Hamilton: F1 mustn’t lose Brazilian Grand Prix

2016 Brazilian Grand Prix

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Lewis Hamilton says the Brazilian Grand Prix must stay on the calendar amid doubts over the race’s future.

Formula One CEO Bernie Ecclestone has indicated the race is in doubt for next year despite the organisers having upgraded the paddock facilities for this year.

Daniil Kvyat, Toro Rosso, Interlagos, 2016
Brazilian Grand Prix qualifying in pictures
“I don’t know how it is for these guys but obviously I’m aware of the battle that people are having here with the economy and I’m hopeful that with the things that are going on in the world, that will pick up,” said Hamilton.

“This is a grand prix that must stay,” he added, “it’s a part of Formula One’s heritage, I believe, and it’s one of those original circuits which we can’t lose.”

Hamilton, who is a lifelong fan of Brazilian champion Ayrton Senna, pointed out the race attracts a much larger crowd than others on the F1 calendar.

“The fans are really what make a grand prix,” he said. “There are some grands prix we go to and we don’t have a third of the fans we get here.”

“So for me it’s very important, I hope that it does stay but I also understand that there is a lot of money that it takes to put on this event and it could do a lot of great things for this country and for the people here.”

Felipe Massa, who will start his final home grand prix at the track tomorrow, previously suggested the threats being made about the Brazilian race are a negotiating tactic.

2016 Brazilian Grand Prix

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    Keith Collantine
    Lifelong motor sport fan Keith set up RaceFans in 2005 - when it was originally called F1 Fanatic. Having previously worked as a motoring...

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    12 comments on “Hamilton: F1 mustn’t lose Brazilian Grand Prix”

    1. That helmet is amazing.

      1. @edmarques Yeah, every picture I’ve seen of it makes me like it more. I wish he continues wearing yellow in 2017.

    2. It must stay, but… The track is quite boring… What makes it good is the unpredictable weather that we mostly get.. However, look at last year, we had an absolute bore fest of a race, the only time I really turned off watching F1 since a long time… If you take the current era and this track on a dry race, most likely it will end up like last year… Of course, Brazil must not lose its GP but the track has just no variations…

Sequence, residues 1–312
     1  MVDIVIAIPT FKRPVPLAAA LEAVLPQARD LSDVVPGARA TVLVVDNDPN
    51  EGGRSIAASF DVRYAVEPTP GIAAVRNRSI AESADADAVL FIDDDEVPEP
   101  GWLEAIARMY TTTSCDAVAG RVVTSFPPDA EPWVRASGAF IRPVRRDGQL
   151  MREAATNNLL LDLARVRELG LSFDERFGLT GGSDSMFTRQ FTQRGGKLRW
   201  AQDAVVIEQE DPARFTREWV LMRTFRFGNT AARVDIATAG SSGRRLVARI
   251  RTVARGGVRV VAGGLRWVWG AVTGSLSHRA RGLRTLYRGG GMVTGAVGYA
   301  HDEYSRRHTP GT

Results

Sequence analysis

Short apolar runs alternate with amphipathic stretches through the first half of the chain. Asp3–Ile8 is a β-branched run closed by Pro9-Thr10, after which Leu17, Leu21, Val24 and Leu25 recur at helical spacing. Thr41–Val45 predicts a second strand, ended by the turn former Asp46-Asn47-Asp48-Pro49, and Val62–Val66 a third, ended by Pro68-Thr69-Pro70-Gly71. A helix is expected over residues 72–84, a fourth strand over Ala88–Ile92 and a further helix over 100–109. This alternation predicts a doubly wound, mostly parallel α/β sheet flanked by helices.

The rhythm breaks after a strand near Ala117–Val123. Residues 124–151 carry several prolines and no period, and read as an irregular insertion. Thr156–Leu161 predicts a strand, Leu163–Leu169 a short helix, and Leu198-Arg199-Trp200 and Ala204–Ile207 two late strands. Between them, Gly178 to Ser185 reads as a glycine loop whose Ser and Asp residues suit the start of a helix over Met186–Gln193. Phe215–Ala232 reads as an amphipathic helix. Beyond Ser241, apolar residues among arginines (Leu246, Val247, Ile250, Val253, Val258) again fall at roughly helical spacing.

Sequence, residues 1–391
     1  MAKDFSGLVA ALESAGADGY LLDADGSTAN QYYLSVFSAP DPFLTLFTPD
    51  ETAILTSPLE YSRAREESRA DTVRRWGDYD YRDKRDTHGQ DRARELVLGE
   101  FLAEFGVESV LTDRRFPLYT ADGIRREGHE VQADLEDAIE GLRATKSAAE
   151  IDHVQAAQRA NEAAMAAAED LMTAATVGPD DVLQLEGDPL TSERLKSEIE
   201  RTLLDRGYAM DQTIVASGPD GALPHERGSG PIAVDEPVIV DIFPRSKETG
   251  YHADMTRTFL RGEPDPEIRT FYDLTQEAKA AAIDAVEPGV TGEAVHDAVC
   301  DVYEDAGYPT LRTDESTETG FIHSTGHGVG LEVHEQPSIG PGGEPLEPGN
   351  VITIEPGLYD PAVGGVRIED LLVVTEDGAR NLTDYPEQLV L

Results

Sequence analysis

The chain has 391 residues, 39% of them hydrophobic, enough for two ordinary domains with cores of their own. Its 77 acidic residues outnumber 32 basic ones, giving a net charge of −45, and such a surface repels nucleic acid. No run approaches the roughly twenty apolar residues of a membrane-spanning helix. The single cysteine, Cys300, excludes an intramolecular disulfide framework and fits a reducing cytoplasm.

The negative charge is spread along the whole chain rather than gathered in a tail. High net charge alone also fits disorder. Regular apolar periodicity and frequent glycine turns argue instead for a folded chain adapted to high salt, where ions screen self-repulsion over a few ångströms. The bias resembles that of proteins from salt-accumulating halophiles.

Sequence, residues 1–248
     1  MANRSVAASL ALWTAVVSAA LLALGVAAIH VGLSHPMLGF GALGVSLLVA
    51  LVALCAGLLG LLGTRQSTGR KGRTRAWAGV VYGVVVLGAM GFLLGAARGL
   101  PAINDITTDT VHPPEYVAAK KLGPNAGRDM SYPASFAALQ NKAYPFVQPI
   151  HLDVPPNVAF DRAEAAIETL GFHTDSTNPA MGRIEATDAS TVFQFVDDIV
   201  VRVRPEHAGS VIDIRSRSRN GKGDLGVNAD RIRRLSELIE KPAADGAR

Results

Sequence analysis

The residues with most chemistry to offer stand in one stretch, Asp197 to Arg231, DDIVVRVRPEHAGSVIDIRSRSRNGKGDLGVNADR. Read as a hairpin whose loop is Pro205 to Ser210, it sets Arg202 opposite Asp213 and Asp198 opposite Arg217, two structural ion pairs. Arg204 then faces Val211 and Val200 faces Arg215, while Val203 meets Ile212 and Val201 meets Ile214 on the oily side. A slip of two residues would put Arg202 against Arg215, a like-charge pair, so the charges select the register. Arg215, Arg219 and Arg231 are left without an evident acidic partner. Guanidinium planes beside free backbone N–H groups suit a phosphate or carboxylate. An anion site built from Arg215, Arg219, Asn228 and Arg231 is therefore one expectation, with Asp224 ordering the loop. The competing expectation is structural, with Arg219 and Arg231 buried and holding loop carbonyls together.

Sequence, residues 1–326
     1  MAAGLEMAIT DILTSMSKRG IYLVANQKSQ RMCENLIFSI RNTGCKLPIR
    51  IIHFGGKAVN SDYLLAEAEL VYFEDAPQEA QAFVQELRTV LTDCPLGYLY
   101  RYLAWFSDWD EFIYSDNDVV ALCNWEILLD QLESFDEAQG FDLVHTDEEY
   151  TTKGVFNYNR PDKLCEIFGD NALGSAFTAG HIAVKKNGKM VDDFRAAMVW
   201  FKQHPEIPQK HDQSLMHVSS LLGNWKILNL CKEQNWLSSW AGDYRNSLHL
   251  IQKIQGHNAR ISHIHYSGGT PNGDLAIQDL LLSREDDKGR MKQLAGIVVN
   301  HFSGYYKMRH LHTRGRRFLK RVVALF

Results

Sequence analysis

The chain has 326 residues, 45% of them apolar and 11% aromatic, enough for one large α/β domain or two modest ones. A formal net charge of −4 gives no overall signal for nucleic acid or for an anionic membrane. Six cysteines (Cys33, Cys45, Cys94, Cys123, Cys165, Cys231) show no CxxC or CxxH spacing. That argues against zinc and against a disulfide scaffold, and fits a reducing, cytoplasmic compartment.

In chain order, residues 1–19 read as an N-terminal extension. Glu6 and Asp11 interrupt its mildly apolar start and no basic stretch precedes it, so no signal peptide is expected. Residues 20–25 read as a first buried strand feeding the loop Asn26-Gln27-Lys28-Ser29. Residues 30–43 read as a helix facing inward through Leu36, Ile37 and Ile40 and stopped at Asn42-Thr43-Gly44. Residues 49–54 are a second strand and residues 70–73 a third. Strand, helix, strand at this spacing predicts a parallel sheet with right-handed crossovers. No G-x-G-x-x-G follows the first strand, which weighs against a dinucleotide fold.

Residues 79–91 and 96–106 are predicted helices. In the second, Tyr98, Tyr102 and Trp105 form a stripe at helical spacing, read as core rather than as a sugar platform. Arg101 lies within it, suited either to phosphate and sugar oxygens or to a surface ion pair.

1. @krichelle – I’m not sure the track is to blame for the borefest, rather its the unholy trinity of DRS, aero regulations and tyres.

        Saturday’s qualifying showed that even in the dry, the track has the ability to push drivers to their limit, excite fans and reward those drivers who ace the perfect line. The changeable weather conditions just add to what the track has to offer, by punishing careless drivers.

        Add to that the slight scruffiness of the circuit, its rough edges and failings (e.g. leaky press room) all give it that human touch that makes it beloved to drivers and fans.

        Compare that to the pristine, sterile and coldly clinical feel of the Yas Marina circuit, which has all the charm of a prostate exam.

        1. I very much agree with what @phylyp says here @krichelle; also the track has a great atmosphere thanks to the many fans (as Hamilton says) and the location is conductive to unpredictably changeable weather – I also like it’s status as, so far, a track where Hamilton hasn’t been able to win – due to unpredictable circumstances (although 2012 with the green carpet hanging off his floor was a bit ridiculous perhaps :)

    3. “So for me it’s very important, I hope that it does stay but I also understand that there is a lot of money that it takes to put on this event and it could do a lot of great things for this country and for the people here.”

      Hamilton seems to be learning… I’m interested to see what he does with his money after F1. If it’s all gold chains and record labels I’ll be disappointed.

      1. He earned it, he can do whatever he wants without any guilt. The only people who are beholden to monetary (or rather fiscal) judgement are public servants i.e politicians. They use public funds (tax) after all.

        1. Oh of course he can do what he want with it, don’t get me wrong, wasn’t implying otherwise… I’m just interested to see that especially of late in his comments he seems to be growing more of a wider social conscience. We’re all learning constantly and I’d be surprised if even he wants to do with his money today what he might have 5 years ago.

          1. Actually, he is already doing quite a bit for charities Tristan, though I don’t follow UK-famous-people news so don’t hear too often about it as it isn’t on topic when talking about F1 racing, it usually comes up whenever Hamilton has an interview.

            1. That’s good to know :) I wasn’t implying otherwise… It’s definitely a shame it isn’t talked about more within the sport I reckon. I guess it’s mostly contained within each drivers home media?

    4. Lewis can do what ever he wants with his money he’s earned it and unlike. Some other drivers his father had four jobs to help with his sons career so if he wants to sit counting it or burning it he’s earned it good luck to him and his father.spendsoend spend.and enjoy.

    5. Agreed we must not lose the Brazilian grand prix. It is integral to F1s history, it is a great old school track where it is possible to overtake and almost always produces great racing, weather is changeable which always helps and the fans are just great.

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